Airbags can make the difference between an occupant receiving minor injuries and serious injury or death in a 40mph head-on crash. Sensors in the car monitor deceleration rates and then fire the airbags to cushion any impact between the occupant and the car’s interior. Dual-stage airbags have sensors that trigger different responses for crashes of different severity. For example, they inflate less rapidly in lower severity impacts, reducing the chance of airbag-related injuries, while still cushioning the impact.
Good head restraints
Poorly designed or adjusted head restraints account for many whiplash injuries, which usually occur if you are shunted from behind. Make sure that a car’s head restraints can be raised high enough to suit drivers and passengers of all heights – the top of the head restraint should sit level with the top of the person’s head, and the head should be no more than an inch away from the restraint when the occupant is sitting comfortably for it to be effective. Front head restraints are tested by Euro NCAP to check their resistance to whiplash injury.
Seat-mounted side airbags
These help protect the pelvis, chest and abdomen in a side-on crash. Seat-mounted side airbags are preferable to door-mounted airbags as they stay in the correct position should the seat move. Side airbags are normally fitted as standard for front-seat passengers but may only be offered as an option in the rear. Side curtain airbags These usually drop down from the roof lining above the windows to protect the heads of front and rear passengers in the event of a side-on crash.
Historically, advances in car safety have focussed on crash survival, but now manufacturers pay attention to how the deformation of a car’s interior in a collision can leave passengers with life-changing injuries – particularly to the legs of front-seat occupants. The development of the knee airbag means drivers would be cushioned from immovable objects such as the steering column in a collision, preventing injury to their lower limbs and pelvis. It’s just one of the many developments that could mean the difference between walking away from an accident and being stretchered out.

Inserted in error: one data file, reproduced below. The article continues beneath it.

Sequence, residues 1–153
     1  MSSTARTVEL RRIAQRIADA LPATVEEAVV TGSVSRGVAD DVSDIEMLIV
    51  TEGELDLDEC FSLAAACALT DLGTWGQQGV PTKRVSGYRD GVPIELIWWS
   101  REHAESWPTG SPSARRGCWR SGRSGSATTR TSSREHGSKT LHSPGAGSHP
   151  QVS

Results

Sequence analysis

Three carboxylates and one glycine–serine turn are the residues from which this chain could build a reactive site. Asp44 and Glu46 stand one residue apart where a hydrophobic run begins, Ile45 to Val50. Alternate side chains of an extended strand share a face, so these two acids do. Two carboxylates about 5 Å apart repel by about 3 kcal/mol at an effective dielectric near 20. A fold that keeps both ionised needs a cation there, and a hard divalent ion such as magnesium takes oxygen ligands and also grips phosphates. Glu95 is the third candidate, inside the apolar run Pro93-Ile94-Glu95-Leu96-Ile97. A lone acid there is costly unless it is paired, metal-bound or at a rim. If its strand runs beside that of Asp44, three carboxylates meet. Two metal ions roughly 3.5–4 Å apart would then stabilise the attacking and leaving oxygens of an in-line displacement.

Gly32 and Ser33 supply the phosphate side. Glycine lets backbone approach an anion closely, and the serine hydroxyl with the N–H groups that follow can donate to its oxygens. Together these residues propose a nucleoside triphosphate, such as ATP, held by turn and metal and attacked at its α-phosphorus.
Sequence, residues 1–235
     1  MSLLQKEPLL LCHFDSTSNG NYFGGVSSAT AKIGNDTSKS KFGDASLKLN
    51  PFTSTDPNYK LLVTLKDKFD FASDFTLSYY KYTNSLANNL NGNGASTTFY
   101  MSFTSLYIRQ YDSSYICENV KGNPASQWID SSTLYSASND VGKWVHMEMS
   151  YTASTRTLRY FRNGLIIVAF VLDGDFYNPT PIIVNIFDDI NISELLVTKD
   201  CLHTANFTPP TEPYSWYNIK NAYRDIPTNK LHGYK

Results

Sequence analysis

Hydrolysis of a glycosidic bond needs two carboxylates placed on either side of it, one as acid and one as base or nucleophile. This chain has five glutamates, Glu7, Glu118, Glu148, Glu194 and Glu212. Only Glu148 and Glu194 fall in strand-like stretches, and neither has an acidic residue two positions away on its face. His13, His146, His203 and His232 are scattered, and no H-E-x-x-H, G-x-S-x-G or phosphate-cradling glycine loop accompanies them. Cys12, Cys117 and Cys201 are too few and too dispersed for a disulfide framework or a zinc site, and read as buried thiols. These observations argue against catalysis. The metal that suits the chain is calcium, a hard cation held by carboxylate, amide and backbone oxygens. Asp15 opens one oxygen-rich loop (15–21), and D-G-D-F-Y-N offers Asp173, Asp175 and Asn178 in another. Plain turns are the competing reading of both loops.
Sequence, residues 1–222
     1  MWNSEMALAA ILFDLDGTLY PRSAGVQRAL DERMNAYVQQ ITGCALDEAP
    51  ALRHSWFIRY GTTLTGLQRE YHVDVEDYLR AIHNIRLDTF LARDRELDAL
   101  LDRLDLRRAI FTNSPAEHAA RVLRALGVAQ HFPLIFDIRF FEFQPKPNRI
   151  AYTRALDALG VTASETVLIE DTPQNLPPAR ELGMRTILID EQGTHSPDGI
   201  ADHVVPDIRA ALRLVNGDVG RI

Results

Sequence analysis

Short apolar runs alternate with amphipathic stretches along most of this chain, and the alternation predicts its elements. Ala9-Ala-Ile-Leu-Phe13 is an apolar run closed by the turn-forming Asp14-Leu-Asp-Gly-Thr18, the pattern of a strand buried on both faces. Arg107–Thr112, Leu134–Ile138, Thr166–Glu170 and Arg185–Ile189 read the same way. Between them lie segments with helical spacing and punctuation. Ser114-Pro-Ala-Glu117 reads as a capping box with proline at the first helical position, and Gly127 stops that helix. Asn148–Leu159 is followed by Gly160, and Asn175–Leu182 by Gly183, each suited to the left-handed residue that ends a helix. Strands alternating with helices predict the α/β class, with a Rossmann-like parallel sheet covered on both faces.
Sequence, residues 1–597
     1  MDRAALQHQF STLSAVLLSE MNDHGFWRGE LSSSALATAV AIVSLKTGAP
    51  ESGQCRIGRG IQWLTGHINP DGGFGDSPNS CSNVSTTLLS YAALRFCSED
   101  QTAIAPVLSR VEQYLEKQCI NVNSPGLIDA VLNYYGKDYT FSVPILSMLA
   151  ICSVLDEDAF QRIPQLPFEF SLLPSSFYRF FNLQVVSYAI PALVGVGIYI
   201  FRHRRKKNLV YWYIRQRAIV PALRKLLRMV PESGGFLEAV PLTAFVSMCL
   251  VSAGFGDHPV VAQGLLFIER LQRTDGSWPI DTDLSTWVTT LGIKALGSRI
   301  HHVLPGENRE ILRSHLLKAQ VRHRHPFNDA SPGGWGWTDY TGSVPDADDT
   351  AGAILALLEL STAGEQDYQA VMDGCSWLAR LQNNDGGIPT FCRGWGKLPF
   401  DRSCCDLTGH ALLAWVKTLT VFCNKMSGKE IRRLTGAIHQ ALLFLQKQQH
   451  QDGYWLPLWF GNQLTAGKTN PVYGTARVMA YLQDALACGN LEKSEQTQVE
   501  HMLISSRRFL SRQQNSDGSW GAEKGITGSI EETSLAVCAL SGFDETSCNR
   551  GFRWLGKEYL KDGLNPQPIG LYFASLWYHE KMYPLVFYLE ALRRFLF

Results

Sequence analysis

Isofix child seat mounts
Isofix is a system for fitting child seats that uses mounting points built into the car seats, rather than the adult seatbelt. It has become the accepted standard for fitting child car seats, with nearly all manufacturers offering it, at least as an option. The main benefit is that they make the seat easier to install, increasing the likelihood of it being installed correctly. Three-point Isofix systems are best, as they have a ‘top tether’ as well as two lower anchorages. However, in crashes Isofix seats aren’t automatically safer than belted seats. This is because the Isofix mounts create a stiff joint, through which crash forces are more readily transmitted to the seat shell and its occupant. With a belted seat, the compliance or ‘give’ in the belt allows some movement in a crash, absorbing some of the crash energy.
Cars with a more ‘pedestrian-friendly’ front end should reduce the severity of injury to anyone unfortunate enough to be hit by a car – particularly at speeds of up to 30mph. The key behind this is vehicle design that decreases the likelihood of hitting ‘hard points’ such as the A-pillars or engine block. Manufacturers have employed a variety of different technologies, including pop-up bonnets and deformable bumpers, to decrease the severity of an impact.
If you’d still like to read more, click here.
Have you just bought a caravan, boat or trailer? Well this is definitely for you. Do you know if your allowed to tow, are there any restrictions on your licence that prevent you from towing?
Holders of a provisional licence are strictly prohibited from towing any trailer. Drivers who passed their car test before 1st January 1997, should have entitlement B+E C1+E as listed on point 9 of the driving licence, this entitles you to drive vehicles with a G.V.W. up to 7500Kg and tow any trailer provided the combined G.V.W. of the towing vehicle and trailer is less than 8250Kg.
Drivers who passed car test after 1st January 1997, can drive a vehicle with a G.V.W. of 3500Kg with less than 8 seats.